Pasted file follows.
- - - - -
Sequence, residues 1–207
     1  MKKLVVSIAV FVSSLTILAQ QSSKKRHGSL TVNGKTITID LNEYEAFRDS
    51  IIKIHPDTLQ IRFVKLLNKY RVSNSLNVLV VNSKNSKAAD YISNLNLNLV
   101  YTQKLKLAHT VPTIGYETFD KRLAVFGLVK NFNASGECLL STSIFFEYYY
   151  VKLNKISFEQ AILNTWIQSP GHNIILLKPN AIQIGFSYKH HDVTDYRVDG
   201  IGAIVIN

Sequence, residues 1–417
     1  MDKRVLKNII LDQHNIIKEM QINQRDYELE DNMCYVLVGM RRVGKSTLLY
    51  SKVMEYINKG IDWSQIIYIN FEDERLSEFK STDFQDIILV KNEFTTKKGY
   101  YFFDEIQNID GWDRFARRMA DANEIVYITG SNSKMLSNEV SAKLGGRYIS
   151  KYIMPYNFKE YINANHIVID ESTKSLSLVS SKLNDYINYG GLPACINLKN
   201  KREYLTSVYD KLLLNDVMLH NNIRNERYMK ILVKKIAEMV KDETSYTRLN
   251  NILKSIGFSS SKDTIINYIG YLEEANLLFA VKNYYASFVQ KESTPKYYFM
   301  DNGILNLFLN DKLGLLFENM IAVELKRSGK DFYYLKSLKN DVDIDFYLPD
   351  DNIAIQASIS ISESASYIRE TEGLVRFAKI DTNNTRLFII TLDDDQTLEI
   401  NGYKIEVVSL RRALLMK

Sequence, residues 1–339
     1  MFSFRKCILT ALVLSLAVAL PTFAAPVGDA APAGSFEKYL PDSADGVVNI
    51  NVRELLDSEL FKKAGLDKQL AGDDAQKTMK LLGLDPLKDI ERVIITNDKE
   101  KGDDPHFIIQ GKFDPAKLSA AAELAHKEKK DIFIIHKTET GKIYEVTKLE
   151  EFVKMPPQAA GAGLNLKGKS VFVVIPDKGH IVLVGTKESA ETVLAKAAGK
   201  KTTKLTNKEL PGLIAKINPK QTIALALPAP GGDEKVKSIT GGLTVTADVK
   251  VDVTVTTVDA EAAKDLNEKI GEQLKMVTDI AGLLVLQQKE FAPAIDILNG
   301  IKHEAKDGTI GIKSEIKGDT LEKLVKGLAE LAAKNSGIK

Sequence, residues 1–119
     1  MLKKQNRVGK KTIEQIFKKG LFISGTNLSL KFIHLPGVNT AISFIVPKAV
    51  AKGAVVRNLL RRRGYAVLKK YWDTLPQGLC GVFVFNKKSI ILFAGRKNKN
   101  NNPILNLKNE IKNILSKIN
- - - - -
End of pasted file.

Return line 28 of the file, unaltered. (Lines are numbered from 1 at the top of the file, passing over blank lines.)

   101  NNPILNLKNE IKNILSKIN